You will be protected from rubella if you have previously had the infection or if you have ever had 2 doses of a rubella-containing vaccine (eg rubella, measles-rubella or measles-mumps-rubella in school, as a child, or at your GP surgery). If you are not sure whether you have had rubella infection or the vaccine, you can check with your GP surgery.

Ideally you should have had 2 doses of a rubella containing vaccine before you became pregnant. If you have not, then measles, mumps and rubella vaccine (MMR) can be given up to 1 month before pregnancy. MMR is a live (weakened) vaccine so is not given during pregnancy. Although there is no evidence that having the MMR vaccine during pregnancy causes harm to babies, it is recommended that you wait to have it until after your baby is born.

Why do I need the MMR vaccination after pregnancy?

This will protect you and your baby in any future pregnancy and give you longer term protection against measles, mumps and rubella. You will need 2 doses of the vaccine if you haven’t had it before. Your practice nurse will give the first vaccine at the same time as your post-natal check and will give the second dose a month later. You should avoid becoming pregnant for 1 month after the vaccinations, so you need to have a reliable method of contraception.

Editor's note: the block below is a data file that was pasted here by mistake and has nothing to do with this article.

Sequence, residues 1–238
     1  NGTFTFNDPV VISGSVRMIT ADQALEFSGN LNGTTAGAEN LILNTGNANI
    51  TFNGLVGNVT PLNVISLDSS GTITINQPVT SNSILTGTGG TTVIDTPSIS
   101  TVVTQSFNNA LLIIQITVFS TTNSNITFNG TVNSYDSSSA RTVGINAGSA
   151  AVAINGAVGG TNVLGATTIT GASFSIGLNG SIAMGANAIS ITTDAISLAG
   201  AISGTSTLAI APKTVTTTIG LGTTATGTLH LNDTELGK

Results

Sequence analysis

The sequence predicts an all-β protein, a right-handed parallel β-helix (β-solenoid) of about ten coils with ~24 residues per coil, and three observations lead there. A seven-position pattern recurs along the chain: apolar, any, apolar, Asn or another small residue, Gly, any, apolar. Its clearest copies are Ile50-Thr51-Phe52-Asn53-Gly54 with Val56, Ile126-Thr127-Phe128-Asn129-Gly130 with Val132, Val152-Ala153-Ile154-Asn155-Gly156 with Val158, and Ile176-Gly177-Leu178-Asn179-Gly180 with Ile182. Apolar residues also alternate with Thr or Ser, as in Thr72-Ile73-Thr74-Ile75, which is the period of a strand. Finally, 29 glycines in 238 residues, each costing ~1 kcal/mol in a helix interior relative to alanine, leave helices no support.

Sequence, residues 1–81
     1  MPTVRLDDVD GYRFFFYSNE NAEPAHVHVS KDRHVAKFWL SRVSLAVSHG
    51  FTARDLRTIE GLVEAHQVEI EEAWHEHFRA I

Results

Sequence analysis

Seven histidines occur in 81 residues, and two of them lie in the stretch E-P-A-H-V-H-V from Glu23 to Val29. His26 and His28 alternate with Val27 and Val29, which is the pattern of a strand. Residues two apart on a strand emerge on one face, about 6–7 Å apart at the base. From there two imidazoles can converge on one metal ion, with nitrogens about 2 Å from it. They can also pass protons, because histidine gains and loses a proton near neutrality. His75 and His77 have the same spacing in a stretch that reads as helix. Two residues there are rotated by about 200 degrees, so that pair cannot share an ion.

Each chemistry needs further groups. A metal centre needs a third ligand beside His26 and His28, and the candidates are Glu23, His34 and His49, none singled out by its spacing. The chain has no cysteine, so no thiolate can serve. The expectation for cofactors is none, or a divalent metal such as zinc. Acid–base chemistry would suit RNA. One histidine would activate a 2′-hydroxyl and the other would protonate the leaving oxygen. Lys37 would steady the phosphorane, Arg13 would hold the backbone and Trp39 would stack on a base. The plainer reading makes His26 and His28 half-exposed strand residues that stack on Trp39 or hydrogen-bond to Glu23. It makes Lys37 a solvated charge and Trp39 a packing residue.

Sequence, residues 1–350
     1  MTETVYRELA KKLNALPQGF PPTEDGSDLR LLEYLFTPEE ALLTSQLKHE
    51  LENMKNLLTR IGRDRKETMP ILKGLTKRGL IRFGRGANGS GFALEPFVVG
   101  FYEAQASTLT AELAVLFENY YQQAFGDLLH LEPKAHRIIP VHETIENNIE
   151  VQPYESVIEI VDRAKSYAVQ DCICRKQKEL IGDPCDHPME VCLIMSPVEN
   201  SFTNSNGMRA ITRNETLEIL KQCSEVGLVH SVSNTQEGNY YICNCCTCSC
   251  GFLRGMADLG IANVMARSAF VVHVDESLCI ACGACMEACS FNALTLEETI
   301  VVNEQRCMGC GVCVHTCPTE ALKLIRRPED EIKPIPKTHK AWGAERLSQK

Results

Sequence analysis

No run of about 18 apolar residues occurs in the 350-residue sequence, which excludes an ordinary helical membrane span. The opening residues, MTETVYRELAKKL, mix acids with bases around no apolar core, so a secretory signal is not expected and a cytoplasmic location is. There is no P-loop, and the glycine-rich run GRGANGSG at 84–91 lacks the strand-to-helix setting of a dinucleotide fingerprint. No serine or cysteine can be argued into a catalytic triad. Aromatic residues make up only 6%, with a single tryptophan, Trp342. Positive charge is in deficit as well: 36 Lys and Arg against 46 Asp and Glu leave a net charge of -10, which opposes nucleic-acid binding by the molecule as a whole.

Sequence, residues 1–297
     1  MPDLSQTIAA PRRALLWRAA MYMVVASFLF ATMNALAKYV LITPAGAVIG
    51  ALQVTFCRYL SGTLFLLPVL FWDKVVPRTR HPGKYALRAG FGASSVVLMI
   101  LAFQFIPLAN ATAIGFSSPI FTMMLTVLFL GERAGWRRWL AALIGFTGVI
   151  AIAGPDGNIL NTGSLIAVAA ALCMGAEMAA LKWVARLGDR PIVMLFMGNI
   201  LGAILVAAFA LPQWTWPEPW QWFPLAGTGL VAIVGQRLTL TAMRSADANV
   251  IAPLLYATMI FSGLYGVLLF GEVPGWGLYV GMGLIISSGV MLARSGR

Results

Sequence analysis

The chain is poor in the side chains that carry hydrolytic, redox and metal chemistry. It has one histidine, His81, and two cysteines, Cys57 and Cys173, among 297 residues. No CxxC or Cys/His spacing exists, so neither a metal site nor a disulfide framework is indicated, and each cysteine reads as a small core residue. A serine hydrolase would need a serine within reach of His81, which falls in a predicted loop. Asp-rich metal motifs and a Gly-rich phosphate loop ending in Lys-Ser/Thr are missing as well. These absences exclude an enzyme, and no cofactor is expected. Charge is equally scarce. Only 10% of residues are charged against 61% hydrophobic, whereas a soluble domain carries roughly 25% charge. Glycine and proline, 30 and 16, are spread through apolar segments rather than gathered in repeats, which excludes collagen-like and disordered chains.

If you are not sure if you have had MMR vaccination, you can check with your GP surgery at your post-natal check.

Can I breastfeed my baby following vaccination?

Yes, it is safe to breastfeed your baby after you have had MMR, flu and whooping cough vaccinations. In fact, if you have the whooping cough vaccine while you are pregnant, your breastmilk will have protective antibodies in it so you can continue to share your protection with your baby by breastfeeding.

Rash in pregnancy

What should I do if I come in contact with someone with a rash, or if I have a rash?

You must let your midwife, GP or obstetrician know immediately if you have a rash illness or have any contact with another person with a rash at any time during your pregnancy.